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In China, middle-class affluence, not political influence

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She is now a product development manager at, China's biggest online trading site, and her husband is a software engineer at another Chinese Internet success story, Kaixin001, a Facebook-style site. Unlike their parents, says Liu, "I can either stay with this company or find a job at another one. I am totally free to do that."

Those jobs earn the couple about $30,000 a year between them – not much by Western standards, but twice the average salary in Beijing and five times the national average in China. Recently they went on their first holiday abroad – a trip to Singapore organized by Liu's employer – but most of their spare money goes to car payments, and they do not indulge in luxuries like fancy clothes, preferring jeans and T-shirts, which allows them to save a little each month.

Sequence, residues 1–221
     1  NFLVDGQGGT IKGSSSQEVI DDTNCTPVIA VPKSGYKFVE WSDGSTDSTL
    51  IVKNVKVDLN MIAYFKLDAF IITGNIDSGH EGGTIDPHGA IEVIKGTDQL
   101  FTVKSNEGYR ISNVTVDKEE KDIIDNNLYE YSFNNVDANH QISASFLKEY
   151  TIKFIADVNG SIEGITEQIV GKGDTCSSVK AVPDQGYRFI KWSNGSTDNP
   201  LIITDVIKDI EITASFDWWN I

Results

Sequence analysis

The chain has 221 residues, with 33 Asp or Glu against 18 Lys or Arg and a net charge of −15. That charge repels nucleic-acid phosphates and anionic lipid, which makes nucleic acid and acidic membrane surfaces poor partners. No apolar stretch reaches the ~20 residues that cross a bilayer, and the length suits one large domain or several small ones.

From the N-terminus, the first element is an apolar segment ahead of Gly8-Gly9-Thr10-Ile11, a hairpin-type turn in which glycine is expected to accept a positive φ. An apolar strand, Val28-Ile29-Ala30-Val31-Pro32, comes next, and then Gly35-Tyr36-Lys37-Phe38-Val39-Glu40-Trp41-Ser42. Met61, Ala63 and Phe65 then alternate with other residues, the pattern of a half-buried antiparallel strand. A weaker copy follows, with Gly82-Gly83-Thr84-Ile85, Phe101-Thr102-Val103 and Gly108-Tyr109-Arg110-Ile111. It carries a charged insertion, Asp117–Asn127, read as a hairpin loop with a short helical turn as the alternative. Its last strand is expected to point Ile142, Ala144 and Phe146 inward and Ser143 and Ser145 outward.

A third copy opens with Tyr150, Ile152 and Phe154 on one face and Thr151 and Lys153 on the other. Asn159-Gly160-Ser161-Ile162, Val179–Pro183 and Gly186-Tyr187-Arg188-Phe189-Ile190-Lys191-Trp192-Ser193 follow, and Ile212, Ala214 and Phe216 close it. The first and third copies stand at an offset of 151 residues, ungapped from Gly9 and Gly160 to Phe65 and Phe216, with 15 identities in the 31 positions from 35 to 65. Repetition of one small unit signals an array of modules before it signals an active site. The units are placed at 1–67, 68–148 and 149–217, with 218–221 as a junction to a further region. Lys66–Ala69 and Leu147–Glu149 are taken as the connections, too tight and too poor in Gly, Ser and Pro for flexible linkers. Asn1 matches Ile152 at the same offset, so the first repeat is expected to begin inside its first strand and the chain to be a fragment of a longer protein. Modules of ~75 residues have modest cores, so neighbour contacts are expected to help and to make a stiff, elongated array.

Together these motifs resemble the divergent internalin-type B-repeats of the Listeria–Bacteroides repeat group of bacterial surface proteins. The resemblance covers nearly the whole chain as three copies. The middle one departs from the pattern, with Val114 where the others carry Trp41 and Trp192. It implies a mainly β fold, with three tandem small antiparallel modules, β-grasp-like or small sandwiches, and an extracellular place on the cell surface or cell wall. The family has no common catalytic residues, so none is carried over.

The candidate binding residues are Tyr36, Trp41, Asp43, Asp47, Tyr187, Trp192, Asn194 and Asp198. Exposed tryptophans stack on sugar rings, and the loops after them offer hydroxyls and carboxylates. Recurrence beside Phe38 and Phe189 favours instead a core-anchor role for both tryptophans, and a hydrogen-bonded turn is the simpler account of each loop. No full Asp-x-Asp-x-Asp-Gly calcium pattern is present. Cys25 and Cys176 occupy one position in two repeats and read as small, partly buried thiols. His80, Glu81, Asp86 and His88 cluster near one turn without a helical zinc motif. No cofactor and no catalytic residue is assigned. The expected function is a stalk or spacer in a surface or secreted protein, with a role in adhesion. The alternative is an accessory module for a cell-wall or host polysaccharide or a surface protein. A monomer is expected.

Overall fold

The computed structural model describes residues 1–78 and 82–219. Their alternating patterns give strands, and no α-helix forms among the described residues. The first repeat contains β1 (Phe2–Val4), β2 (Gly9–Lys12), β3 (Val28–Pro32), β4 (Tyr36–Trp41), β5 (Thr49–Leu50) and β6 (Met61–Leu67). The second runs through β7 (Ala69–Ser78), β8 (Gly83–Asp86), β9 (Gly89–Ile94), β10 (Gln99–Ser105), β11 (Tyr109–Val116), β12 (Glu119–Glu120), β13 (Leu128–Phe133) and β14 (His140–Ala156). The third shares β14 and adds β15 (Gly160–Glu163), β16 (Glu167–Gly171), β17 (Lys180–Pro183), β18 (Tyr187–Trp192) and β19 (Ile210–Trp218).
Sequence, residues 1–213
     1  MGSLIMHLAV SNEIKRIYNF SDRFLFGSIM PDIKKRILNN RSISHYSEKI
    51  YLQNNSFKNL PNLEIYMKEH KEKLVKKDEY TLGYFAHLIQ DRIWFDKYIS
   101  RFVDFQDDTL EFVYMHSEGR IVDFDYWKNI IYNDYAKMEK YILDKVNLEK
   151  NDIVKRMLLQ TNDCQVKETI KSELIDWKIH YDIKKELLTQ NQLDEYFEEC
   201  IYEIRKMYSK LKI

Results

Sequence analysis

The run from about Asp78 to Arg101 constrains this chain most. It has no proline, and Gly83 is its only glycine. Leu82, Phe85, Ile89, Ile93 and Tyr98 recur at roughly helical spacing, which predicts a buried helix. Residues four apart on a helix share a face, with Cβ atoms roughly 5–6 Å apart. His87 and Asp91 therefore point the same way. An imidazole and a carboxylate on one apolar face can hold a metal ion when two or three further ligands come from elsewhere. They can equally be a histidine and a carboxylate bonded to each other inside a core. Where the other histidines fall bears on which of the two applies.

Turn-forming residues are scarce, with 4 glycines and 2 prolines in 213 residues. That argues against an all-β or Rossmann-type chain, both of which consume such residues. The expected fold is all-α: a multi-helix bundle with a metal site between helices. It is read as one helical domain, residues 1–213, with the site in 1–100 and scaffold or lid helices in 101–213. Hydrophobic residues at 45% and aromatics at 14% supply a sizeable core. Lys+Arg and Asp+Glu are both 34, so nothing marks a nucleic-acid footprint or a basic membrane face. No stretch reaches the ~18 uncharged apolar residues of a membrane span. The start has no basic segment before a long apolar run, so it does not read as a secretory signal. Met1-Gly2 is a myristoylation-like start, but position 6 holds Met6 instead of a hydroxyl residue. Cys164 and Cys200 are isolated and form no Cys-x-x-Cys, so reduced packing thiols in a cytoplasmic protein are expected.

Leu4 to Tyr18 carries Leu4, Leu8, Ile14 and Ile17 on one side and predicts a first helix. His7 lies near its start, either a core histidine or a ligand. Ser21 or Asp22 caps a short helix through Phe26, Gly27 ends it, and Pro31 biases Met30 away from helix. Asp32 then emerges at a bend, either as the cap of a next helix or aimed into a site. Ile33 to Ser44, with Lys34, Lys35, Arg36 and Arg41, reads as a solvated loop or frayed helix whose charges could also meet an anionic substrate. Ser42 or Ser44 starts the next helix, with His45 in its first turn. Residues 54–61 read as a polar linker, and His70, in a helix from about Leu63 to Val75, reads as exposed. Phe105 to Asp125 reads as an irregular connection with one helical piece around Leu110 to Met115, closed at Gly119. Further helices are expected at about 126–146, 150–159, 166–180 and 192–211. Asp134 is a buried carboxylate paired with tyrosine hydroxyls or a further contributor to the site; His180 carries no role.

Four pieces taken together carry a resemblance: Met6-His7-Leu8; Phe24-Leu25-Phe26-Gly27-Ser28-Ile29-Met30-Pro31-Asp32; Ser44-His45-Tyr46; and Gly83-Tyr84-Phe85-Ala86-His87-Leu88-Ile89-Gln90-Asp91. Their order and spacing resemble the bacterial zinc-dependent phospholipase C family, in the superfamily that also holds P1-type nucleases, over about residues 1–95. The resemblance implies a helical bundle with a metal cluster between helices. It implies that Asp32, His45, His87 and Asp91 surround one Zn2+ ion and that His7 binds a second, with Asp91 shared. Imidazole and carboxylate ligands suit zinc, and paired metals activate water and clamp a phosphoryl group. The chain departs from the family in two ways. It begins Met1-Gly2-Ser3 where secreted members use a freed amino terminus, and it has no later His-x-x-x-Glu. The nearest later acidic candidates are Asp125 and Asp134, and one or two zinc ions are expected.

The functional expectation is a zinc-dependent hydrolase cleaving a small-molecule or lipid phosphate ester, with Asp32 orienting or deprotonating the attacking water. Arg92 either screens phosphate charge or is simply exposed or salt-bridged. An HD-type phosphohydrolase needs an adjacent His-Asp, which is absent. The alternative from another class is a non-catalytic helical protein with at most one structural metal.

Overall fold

By most yardsticks, they are a middle-class couple – beneficiaries of the economic boom driven by China's state-dominated capitalism. A range of different sorts of white-collar people – entrepreneurs, employees of large state-owned enterprises and multinational companies, party and government officials, lawyers, doctors, and teachers – make up the middle class. By those criteria, these 300 million Chinese (25 percent of the population) are middle-class. The international consulting firm McKinsey & Company forecasts that by 2025 those numbers will have more than doubled to constitute 40 percent of the population.

But Liu and Xu do not think of themselves like that.

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